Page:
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210 teachers punished for indecent acts; nearly half targeted own students

The headquarters of the Ministry of Education, Culture, Sports, Science and Technology Ministry is seen in this file photo taken in Tokyo's Chiyoda Ward on July 26, 2018. (Mainichi/Naoaki Hasegawa)

TOKYO -- As many as 210 teachers at public schools were punished for indecent behavior in academic 2017, including 120 who were fired, the Ministry of Education, Culture, Sports, Science and Technology announced on Dec. 25.

The numbers declined from the previous academic year, when 226 educators were punished, including 129 given disciplinary dismissals. Observers and ministry officials say the numbers are still too high.

Of the 210 punished teachers, 57 were suspended from work, up seven from a year earlier; nine received salary cuts, down six from academic 2016. Just one teacher was reprimanded, down from three a year ago. In addition, 23 received warnings, down six from academic 2016.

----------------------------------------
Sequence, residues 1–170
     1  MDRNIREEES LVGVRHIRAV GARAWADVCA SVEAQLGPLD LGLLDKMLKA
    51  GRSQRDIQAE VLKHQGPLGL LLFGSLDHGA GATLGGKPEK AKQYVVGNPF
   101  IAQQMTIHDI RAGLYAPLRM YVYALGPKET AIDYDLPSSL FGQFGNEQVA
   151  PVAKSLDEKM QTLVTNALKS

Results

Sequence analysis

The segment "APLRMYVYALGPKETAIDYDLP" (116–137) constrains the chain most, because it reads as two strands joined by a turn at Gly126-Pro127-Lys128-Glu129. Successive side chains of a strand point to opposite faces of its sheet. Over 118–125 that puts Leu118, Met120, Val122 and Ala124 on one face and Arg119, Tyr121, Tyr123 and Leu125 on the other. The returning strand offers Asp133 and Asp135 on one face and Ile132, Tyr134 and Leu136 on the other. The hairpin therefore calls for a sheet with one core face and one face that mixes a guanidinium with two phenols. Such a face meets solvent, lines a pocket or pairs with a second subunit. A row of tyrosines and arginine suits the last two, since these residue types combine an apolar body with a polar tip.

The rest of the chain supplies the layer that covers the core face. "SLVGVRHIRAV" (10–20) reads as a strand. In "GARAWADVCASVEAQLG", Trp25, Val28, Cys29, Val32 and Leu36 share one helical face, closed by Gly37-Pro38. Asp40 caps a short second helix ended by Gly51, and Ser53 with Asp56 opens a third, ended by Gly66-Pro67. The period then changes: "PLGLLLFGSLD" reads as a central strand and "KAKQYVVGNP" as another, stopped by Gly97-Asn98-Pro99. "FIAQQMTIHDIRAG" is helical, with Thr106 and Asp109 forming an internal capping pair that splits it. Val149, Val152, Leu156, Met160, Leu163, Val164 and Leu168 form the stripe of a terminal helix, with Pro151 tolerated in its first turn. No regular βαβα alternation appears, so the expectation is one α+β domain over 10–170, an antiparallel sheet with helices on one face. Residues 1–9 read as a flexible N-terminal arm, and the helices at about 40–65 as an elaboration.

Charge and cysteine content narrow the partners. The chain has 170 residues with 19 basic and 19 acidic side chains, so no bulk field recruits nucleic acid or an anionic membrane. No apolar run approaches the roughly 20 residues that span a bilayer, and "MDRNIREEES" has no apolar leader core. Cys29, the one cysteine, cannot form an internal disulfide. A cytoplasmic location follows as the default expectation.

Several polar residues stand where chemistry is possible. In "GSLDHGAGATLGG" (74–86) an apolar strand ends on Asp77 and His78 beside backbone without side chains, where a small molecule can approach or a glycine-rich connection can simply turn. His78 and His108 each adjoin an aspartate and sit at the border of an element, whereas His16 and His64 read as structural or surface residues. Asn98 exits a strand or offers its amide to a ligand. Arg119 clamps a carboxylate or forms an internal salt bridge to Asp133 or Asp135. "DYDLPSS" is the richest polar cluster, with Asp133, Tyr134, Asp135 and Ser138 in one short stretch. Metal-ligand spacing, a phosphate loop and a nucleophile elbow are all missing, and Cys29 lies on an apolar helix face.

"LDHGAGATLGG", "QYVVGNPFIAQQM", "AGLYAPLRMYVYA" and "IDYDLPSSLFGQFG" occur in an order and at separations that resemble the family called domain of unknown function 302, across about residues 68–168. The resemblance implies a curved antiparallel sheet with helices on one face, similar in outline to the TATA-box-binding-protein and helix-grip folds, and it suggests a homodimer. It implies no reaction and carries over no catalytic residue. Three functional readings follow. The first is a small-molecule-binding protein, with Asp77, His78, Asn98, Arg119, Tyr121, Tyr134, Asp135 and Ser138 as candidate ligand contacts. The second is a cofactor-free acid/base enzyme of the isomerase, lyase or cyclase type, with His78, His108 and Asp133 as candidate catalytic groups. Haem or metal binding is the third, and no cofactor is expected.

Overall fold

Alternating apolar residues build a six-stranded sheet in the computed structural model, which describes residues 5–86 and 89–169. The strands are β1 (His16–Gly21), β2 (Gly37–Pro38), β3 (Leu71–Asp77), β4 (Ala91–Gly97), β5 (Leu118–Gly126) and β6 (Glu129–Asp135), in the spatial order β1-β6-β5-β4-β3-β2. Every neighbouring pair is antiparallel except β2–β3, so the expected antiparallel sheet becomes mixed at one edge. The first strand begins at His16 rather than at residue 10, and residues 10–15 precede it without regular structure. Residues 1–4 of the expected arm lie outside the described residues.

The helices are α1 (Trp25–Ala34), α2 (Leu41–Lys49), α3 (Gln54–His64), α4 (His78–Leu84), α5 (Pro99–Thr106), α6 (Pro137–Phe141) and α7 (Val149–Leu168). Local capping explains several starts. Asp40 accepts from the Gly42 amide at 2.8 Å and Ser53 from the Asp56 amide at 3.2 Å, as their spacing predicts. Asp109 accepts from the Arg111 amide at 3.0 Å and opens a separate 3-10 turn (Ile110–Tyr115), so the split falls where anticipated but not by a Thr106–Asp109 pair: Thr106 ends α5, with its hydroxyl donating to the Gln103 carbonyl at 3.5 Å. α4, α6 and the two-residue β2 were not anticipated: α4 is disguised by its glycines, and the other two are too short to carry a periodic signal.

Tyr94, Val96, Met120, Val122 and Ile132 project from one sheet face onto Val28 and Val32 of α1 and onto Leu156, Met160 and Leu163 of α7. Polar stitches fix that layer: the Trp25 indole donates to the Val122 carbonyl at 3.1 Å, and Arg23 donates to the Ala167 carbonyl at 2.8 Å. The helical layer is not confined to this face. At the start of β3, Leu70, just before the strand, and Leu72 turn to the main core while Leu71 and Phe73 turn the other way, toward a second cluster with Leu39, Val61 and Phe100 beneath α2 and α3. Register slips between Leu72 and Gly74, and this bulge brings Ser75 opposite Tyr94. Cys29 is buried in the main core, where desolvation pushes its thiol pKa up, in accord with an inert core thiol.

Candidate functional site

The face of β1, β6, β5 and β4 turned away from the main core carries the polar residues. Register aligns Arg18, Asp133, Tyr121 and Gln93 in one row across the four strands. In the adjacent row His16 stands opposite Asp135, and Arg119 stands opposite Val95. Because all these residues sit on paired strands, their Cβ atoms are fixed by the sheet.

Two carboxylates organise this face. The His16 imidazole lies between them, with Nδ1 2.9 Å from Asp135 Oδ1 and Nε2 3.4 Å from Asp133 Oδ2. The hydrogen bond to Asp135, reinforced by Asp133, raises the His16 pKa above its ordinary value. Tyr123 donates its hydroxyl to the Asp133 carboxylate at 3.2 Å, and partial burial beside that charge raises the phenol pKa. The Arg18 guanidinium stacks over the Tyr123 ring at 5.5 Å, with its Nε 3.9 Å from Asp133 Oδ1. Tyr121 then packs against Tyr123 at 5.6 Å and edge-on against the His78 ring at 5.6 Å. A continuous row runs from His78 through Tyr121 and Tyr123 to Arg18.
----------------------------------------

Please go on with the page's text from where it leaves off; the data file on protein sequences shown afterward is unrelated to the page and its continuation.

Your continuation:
Fifty-six were punished for touching people's bodies, while 42 were disciplined for peeping or secretly taking photos. Sexual intercourse was the reason for penalties for 38 teachers. As many as 97 educators victimized their pupils and students at their schools, and three targeted alumni. Nearly half of the punished teachers abused their own students.

Since 2001, the education ministry has requested local boards of education that employ teachers to in principle dismiss those who commit indecent acts against their own students. "Exploiting the students' trust (in teachers) is an egregious thing to do," said a ministry official in charge of the matter. "I don't have the impression that the number (of teacher committing these acts) has declined," the official said, adding that the ministry expects boards of education to punish lewd teachers severely.

Meanwhile, 5,077 teachers took sick leave due to psychological issues. The number, up 186 from academic 2016, is the first increase in four years. Around 5,000 teachers have taken similar leave in recent years, reflecting their busy class and other work schedules.

(Japanese original by Takuya Izawa, City News Department)

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